Nonsense, both from Navas and that article. iPhone in no way is hastening
the death of CDMA 2000. Nor did SaskTel say that they are deploying a GSM
Rather, the fact that just about every carrier is using LTE instead of
WiMax for 4G means that the Qualcomm-controlled fork of CDMA is dying.
GSM is dead, and was killed by CDMA. Nobody is deploying new GSM any
more. GSM is an archaic TDMA 2G system. Good bye and good riddance.
All 3G is CDMA based, whether UMTS (which the GSM world adopted) or EV-DO
(which the CDMA 2000 world adopted). The Canadian CDMA carriers are doing
dual UMTS/EV-DO 3G transition strategies (although clearly the push is for
UMTS). Telus has been well underway on this for months now, and
duplicating their CDMA footprint with UMTS (not GSM/UMTS).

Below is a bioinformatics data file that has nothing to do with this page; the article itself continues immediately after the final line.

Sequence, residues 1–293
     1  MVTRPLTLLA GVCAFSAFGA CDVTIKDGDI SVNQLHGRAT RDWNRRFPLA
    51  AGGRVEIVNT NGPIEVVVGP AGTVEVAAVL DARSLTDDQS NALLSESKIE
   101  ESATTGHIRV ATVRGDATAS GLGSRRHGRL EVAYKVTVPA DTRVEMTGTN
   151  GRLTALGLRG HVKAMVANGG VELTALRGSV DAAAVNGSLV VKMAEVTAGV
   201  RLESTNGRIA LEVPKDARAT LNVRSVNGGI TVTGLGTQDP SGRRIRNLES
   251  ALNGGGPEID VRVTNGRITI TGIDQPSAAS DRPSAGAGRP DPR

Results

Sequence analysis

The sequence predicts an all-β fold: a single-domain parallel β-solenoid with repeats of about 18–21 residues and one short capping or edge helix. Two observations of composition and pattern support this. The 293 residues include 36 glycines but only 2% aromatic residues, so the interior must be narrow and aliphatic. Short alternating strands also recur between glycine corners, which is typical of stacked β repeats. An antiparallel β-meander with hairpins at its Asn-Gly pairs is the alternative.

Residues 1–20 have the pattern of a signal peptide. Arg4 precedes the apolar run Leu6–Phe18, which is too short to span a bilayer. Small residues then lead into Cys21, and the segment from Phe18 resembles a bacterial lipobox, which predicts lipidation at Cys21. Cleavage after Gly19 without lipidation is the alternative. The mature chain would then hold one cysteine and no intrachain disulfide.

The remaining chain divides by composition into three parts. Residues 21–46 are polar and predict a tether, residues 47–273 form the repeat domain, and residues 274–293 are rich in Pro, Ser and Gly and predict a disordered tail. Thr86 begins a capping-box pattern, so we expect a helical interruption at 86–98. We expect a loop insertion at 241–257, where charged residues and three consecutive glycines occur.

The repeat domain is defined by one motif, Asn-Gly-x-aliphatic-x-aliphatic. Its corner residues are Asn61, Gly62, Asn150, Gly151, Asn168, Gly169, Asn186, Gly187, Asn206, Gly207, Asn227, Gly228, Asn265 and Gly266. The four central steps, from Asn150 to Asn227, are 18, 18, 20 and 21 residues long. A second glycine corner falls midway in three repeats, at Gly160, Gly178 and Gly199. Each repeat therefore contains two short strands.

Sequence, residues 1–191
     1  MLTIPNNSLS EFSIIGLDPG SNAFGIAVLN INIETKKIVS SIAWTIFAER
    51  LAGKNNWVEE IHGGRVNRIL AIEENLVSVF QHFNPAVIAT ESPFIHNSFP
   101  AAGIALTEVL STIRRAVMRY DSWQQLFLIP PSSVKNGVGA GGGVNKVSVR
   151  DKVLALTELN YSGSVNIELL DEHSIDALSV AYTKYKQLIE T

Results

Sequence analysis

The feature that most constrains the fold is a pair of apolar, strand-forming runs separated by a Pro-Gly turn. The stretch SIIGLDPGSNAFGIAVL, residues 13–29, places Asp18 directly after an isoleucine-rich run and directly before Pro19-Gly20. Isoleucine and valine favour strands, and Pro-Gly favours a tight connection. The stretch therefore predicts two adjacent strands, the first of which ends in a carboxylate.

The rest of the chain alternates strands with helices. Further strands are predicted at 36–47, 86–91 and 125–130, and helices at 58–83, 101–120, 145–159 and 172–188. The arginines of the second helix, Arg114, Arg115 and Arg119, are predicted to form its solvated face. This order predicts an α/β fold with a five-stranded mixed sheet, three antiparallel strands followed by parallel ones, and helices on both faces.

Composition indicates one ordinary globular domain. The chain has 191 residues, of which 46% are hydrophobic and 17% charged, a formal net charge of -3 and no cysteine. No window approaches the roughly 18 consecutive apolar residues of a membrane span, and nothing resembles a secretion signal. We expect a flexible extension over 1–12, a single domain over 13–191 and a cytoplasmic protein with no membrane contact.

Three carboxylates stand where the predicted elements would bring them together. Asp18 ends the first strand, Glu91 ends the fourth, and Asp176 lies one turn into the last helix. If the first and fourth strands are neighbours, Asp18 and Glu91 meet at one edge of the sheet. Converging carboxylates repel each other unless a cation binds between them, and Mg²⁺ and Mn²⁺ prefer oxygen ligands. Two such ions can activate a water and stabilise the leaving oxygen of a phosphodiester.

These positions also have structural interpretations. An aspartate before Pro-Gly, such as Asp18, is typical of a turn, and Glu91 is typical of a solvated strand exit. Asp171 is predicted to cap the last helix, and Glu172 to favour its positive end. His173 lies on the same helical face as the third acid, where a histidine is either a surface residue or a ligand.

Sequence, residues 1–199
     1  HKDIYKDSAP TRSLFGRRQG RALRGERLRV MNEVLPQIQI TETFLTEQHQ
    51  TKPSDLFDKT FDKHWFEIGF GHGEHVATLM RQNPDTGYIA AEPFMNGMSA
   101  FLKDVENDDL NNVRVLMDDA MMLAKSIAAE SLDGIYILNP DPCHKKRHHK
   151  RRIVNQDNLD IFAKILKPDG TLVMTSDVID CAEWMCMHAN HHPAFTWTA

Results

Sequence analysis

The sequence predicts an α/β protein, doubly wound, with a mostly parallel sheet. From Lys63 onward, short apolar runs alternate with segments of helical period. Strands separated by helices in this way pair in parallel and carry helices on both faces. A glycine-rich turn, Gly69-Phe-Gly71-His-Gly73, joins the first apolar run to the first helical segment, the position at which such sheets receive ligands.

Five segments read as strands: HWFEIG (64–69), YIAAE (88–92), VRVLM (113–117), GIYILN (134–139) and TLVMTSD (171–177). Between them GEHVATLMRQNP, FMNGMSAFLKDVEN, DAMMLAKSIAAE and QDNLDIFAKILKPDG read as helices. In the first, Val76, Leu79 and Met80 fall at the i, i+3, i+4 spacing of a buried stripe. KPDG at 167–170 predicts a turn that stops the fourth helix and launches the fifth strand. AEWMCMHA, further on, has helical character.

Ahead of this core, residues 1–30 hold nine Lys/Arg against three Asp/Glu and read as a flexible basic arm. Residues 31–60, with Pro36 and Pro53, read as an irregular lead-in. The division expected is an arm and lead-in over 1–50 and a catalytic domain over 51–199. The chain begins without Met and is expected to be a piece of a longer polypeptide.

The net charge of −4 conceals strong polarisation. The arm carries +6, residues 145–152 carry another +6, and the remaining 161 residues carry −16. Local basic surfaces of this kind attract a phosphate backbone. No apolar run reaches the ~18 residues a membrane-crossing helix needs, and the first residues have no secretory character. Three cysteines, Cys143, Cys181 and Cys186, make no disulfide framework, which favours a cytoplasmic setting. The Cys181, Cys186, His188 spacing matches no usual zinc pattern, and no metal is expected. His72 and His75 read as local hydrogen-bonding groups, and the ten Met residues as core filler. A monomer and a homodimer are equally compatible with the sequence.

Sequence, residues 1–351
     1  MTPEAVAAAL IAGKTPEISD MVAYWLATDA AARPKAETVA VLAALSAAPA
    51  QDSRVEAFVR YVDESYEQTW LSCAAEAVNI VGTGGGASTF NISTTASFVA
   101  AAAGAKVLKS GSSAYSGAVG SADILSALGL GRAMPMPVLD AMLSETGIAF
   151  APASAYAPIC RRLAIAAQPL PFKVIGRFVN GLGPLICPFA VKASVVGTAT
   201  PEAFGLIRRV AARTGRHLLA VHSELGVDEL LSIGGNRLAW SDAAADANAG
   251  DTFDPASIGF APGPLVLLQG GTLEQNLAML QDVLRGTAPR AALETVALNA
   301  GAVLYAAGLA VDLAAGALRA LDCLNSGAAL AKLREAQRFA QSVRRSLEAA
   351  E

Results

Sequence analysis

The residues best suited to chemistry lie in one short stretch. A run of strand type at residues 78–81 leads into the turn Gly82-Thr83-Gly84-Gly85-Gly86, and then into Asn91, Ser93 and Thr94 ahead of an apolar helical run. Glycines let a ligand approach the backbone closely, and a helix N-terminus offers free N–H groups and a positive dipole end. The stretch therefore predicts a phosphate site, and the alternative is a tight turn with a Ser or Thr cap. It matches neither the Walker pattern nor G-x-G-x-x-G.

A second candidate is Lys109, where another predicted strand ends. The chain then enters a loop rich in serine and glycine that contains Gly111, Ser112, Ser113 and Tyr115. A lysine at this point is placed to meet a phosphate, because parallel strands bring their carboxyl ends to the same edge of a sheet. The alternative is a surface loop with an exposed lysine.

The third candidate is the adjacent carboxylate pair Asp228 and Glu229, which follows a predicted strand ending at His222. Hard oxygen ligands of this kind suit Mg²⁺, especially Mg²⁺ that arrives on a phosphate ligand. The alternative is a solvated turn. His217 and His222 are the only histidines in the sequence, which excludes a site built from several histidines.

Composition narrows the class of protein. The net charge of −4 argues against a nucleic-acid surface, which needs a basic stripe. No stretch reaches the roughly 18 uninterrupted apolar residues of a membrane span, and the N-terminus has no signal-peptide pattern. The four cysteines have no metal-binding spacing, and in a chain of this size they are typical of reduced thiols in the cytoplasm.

Verizon is doing their transition at 4G, and presumably will duplicate
their CDMA footwith with LTE. What remains to be seen is if Verizon will
have dual mode CDMA/LTE phones, or force their customers to choose between
incompatible networks as the Canadian carriers are doing.
Verizon already has phones which are tri-mode CDMA/GSM/UMTS. I suspect
that they will offer CDMA/LTE and CDMA/GSM/UMTS/LTE phones.
Since 3G and 4G is all CDMA based, there is no longer any good reason to
have two incompatible system. Preserving Qualcomm's control does not
constitute a good reason. Hence death to WiMax.
iPhone already support UMTS, and has for the past two versions. A Verizon
iPhone would almost certainly be an LTE device. At this stage of the
game, it is crazy for Apple to produce an CDMA iPhone for the short period
of time before LTE networks are deployed.
-- Mark --
is two wolves and a sheep deciding what to eat for lunch.
Liberty is a well-armed sheep contesting the vote.
This is true. LTE is going to be deployed by Verizon in months (or even
weeks). But CDMA/LTE devices are a certainty, as it will take LTE at
least another year to be deployed at all of Verizon's cell sites. They